BP Earmarks One Billion Dollars for Clean Up

By: Michael Peltier, The News Service of Florida
By: Michael Peltier, The News Service of Florida

Tallahassee, FL - Oil giant BP will send $1 billion to the federal governments and the five Gulf coast states under an agreement announced Thursday to restore habitat damaged by the Deepwater Horizon spill.

Florida, Alabama, Louisiana, Mississippi and Texas will receive $100 million each. The remaining $500 million will be divvied up between the states by federal agencies also involved in cleanup efforts.

“While there is still much more to be done to hold BP and other (responsible) parties accountable for the damage done to our state, this marks an important first step in restoring our natural treasures to pre-spill status,” Gov. Rick Scott said in a statement.

Florida Department of Environmental Protection Secretary Herschel Vinyard said the money is welcomed and will be quickly spent.

“Because we have worked diligently to assess the environmental damage resulting from the spill, we are well positioned to be able to quickly begin performing important restoration projects and use Florida's share of the early restoration funds to assist our coastal communities with their continued recovery from the spill,” Vinyard said.

Most of Florida’s shoreline did not receive oil or tar. But environmentalists said Florida’s coastal resources were affected.

“We are glad BP and the Trustees recognized the urgency of initiating restoration immediately,” said Eric Draper, Executive Director of Audubon of Florida. “Halting wildlife population declines and beginning the slow process of restoring coastal habitats now will ultimately save money and time later.”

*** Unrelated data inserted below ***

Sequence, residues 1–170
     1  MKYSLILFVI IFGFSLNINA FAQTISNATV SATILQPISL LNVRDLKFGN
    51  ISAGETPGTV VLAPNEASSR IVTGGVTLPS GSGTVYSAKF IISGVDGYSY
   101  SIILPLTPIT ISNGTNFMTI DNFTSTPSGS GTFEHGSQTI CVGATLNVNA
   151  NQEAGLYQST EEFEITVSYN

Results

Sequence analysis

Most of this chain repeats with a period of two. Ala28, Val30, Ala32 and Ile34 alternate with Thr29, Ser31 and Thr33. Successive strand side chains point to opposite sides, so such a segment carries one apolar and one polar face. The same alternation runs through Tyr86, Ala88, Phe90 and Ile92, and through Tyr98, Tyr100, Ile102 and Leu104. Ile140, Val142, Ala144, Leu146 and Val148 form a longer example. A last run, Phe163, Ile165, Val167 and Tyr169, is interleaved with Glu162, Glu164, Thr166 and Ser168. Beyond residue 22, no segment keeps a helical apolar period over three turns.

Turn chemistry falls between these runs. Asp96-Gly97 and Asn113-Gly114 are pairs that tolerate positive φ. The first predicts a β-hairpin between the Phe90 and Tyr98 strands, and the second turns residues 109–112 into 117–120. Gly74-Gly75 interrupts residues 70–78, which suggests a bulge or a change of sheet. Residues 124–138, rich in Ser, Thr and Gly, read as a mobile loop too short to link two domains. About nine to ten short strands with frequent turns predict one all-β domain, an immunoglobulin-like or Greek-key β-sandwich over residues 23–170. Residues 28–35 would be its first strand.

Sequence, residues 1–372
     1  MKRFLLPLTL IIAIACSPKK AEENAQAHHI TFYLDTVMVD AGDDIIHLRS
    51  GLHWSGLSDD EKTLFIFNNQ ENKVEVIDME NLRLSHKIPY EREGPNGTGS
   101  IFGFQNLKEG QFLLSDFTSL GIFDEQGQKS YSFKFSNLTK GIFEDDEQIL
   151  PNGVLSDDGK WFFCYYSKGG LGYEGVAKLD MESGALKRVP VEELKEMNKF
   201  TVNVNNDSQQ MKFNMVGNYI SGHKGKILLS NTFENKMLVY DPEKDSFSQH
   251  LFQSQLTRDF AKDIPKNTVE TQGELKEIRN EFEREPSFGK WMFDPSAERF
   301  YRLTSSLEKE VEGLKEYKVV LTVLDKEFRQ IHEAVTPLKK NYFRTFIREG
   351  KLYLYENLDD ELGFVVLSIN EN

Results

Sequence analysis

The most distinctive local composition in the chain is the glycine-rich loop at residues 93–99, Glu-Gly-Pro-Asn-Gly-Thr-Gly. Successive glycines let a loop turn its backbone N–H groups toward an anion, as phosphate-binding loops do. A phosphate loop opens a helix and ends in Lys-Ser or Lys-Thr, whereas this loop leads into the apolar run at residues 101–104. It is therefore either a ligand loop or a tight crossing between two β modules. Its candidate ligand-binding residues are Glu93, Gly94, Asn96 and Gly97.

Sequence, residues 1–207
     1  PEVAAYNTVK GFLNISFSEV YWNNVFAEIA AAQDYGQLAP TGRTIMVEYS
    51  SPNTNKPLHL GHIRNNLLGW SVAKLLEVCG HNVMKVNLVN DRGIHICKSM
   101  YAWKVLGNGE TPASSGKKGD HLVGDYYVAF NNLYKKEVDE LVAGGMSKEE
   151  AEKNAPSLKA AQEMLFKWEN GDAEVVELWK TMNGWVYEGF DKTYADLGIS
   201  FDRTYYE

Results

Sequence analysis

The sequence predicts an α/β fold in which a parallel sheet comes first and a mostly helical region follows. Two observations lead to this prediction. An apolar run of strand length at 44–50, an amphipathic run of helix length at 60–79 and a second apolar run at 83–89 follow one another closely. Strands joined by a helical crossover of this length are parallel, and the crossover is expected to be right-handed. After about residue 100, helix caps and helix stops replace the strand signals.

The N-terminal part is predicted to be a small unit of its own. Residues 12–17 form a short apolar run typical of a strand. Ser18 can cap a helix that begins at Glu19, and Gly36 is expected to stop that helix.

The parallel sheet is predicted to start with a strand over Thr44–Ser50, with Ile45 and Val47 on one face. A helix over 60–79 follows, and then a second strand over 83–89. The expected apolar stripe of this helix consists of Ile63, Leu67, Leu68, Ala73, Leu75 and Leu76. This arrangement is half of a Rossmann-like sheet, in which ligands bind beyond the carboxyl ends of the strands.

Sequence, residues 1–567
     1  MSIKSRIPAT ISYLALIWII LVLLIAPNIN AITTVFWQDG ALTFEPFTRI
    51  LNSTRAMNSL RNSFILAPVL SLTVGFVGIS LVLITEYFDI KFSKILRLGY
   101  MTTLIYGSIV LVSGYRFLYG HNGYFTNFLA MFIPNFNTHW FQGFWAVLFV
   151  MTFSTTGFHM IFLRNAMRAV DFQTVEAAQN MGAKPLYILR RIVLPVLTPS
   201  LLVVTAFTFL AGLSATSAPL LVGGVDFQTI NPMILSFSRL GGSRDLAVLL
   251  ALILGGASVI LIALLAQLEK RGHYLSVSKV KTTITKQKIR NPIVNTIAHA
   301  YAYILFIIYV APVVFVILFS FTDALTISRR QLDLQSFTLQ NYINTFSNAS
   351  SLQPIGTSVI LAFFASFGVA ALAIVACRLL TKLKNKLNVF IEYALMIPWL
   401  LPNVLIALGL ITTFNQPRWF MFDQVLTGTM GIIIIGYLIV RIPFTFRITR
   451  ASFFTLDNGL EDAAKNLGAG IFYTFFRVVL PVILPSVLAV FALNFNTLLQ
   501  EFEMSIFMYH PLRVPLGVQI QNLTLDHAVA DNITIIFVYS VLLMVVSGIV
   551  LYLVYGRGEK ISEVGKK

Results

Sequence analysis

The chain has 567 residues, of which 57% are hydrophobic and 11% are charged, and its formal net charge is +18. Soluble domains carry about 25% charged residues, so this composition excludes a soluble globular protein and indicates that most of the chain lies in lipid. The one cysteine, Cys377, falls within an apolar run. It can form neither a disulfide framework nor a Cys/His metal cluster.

States can use the money to fund projects such as the rebuilding of coastal marshes and beaches, conservation of sensitive areas for ocean habitat for injured wildlife, and restoration of barrier islands and wetlands that provide natural protection from storms.

The agreement does not affect the liability of BP, Transocean, Halliburton or any other entity for natural resource damages or other liabilities.

Local officials have been pushing for the company to finance the next round of cleanup and are waiting for a response. Taylor “Chips” Kirschenfeld, Escambia County’s senior scientist and division manager for water quality, said hundreds of tar mats remain submerged just offshore.

Until the patches, some as large as football fields, are removed, tar balls will continue to roll up on Panhandle shores when kicked up by storms.

“BP says they want to make this the way they were before the spill, Kirschenfeld said. “We’re fine with that. The oil was not there before the spill, so it should not be there after the spill.”

Environmental groups said Thursday they will focus now on making sure the money is spent on restoration.

“The challenge now is to stay vigilant and make sure this money is spent on the environment, and not siphoned off by special interests,” said David Guest, Earthjustice Managing Florida attorney. “We want to make sure this doesn’t turn into a slush fund for the Chamber of Commerce.”


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